Philip Vonada ‘11, who graduated with a communications and theater degree, studied at London Metropolitan University in fall 2009. He believes his experience has given in an edge simply because it opened him up to so many possibilities—possibilities he didn’t even know were out there. “Living in London gave me a better appreciation of what opportunities we have and how people can get out of their comfort zone and take a chance,” Vonada said. “MU provides plenty of those chances.” Travelling also changed Vonada. “It kind of made me grow up a little,” Vonada said. “It made me a lot more self-confident and motivated to do more things.” Vonada said that he was so reshaped by his experience in London that when he returned he became a Global Education Ambassador, and spoke to students about the Global Education and Partnership program and encouraged them to look into studying abroad. As part of his presentation, Vonada produced a video called “What I wish I knew before I left for London” to show

students interested in global programs. “It has kept the whole experience alive for me,” Vonada said. Ken Weaver ‘73, who studied in Marburg, said that experience broadened his thinking. Even more than 40 years later after his time in Marburg, Weaver said that he still recalls conversations he had while abroad, food he ate and day trips to nearby cities. “It was the grandest of times,” Weaver said.

Dale McPherson ‘65 realized his dream of studying in Russia.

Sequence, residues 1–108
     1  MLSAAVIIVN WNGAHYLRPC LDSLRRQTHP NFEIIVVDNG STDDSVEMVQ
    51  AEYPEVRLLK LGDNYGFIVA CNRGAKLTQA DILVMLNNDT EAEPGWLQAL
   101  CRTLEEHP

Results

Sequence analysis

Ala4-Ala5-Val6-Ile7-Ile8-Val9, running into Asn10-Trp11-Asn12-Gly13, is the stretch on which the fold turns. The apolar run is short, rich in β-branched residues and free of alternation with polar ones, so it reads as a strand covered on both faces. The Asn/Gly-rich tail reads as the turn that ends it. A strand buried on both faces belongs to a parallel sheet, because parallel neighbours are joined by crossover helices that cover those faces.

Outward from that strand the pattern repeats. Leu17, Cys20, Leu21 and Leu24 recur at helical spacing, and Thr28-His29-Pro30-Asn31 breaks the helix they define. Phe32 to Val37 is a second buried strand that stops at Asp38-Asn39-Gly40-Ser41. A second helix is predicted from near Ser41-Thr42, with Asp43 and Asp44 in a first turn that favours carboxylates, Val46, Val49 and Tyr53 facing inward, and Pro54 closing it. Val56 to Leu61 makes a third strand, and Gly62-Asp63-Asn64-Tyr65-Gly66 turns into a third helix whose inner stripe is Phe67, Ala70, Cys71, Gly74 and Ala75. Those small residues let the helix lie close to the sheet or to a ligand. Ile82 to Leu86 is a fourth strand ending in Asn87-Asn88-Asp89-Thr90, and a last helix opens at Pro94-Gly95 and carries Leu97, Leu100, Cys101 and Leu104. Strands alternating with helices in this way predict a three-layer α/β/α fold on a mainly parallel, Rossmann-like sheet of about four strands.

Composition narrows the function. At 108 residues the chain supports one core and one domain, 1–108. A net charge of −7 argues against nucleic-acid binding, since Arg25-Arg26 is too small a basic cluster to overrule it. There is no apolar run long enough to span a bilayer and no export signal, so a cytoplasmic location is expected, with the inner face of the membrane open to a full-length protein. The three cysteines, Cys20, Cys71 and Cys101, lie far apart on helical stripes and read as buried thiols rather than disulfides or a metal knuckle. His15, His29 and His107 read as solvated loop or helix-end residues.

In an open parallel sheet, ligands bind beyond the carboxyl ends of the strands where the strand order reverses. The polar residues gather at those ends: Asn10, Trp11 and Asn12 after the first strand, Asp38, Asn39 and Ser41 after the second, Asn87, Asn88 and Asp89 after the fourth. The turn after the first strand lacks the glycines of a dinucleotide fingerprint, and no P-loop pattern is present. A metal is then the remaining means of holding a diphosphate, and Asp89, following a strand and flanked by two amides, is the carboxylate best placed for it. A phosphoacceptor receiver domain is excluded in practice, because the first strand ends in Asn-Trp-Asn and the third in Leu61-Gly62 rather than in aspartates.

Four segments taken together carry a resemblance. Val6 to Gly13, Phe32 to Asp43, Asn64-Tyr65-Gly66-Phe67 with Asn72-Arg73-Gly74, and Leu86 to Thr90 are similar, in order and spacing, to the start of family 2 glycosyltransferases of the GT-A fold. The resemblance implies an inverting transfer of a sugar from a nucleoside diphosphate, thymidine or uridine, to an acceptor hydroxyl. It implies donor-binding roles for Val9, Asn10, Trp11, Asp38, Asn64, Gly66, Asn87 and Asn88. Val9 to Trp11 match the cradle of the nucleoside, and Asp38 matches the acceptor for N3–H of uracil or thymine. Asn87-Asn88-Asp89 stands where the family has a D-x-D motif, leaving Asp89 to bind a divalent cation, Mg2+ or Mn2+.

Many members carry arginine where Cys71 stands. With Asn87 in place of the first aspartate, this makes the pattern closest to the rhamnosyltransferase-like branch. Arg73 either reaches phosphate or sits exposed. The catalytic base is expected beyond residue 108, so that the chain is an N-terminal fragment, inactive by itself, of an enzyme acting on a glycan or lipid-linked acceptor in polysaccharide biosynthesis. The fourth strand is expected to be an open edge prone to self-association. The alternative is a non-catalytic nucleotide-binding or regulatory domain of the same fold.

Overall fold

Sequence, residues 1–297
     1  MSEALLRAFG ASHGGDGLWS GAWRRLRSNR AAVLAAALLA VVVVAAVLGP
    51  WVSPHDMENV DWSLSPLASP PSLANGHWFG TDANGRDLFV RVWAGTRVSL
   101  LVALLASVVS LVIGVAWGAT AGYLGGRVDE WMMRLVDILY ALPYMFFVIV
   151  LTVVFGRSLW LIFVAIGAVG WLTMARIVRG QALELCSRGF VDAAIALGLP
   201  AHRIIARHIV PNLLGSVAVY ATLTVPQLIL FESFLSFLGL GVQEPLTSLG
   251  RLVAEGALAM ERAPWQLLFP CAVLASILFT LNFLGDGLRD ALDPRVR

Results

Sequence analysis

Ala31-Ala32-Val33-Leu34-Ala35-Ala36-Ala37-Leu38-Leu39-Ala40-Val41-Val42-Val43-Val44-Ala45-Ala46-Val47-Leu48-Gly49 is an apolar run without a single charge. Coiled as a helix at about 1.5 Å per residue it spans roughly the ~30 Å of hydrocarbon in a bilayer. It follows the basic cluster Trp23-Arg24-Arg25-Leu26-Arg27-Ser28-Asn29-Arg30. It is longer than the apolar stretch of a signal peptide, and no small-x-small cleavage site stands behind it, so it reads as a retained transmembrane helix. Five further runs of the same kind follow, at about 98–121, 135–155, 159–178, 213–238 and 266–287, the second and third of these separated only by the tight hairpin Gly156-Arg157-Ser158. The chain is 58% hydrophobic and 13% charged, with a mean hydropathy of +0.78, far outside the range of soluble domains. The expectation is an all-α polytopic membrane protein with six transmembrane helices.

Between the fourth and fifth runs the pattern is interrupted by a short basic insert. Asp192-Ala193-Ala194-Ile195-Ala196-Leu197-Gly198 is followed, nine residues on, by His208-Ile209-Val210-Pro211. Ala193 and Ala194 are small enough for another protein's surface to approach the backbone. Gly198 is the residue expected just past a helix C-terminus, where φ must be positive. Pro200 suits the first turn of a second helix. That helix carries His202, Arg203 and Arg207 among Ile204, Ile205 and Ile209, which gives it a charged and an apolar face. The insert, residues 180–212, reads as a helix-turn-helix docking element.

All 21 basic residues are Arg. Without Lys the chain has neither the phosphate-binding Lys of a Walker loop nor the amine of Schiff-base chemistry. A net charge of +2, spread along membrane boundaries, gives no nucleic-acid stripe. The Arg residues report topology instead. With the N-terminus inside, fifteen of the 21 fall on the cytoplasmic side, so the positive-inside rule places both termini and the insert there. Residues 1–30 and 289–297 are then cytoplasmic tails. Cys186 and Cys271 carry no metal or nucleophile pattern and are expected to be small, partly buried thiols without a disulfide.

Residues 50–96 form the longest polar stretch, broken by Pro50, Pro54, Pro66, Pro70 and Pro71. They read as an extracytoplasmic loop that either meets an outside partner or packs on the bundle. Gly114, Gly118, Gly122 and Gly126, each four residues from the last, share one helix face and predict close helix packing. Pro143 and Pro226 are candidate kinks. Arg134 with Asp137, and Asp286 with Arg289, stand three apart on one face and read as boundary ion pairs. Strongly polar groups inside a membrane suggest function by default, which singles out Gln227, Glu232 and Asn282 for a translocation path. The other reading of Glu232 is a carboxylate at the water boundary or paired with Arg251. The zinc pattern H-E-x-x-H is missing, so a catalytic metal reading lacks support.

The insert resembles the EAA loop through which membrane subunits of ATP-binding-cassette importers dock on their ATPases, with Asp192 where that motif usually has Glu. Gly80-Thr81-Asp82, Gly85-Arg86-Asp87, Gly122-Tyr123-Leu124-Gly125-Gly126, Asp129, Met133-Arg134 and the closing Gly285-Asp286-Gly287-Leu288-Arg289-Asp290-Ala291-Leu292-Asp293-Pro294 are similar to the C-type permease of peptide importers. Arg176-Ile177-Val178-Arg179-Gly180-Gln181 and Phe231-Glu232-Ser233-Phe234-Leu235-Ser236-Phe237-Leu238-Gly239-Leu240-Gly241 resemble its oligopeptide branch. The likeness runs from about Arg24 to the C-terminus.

To view a video about global opportunities, go to the Review’s online version at

Scholarships make a difference Britany Massey was the grateful recipient of the Dr. Kay Vandergrift ‘62 and Dr. Jane Hannigan Scholarship for Women.

Financing a college education can be a difficult task. Scholarships at Millersville University help students access an education second to none. They are awarded by academic merit, field of study, co-curricular involvement and financial necessity. Although Millersville has almost 300 endowed scholarships, only three provide full tuition to the students. At the annual Honors and Awards ceremony, students are recognized for their achievements. It is an opportunity for donors to meet and get to know the recipient of their scholarships or awards. Just a few examples of endowed scholarships are: • Elizabeth H. Aston and Barbara A. Donan Scholarship: awarded to an education student from Lancaster County to help finance theinitial year of education. • Rettew Associates Scholarship in Geology: awarded to a geology student with a GPA of at least 3.0. • Richard C. Keller Award in American History: awarded to a senior history major with strong interest and scholarship in American history.

How do endowments work? A donor makes a gift to the Foundation, typically in the form of cash, securities or other assets, to support the students and programs at the University. The original gift is never spent, but rather invested in perpetuity as part of the total endowment. Fund values are calculated on an annual basis and a specified percentage is set by the Foundation Board for spending purposes. The Millersville University Foundation is a separate tax-exempt entity, which manages and invests endowed gifts for the University. Many Millersville University




$12.8 million

Scholarship endowments -Market value as of 4/30/11


Total spending earned on endowments or awards


Percent of Millersville students benefit from one of our scholarships, yet more than 75 percent of Millersville students require financial aid.


Existing scholarships offer full tuition to students.

Number of scholarship endowments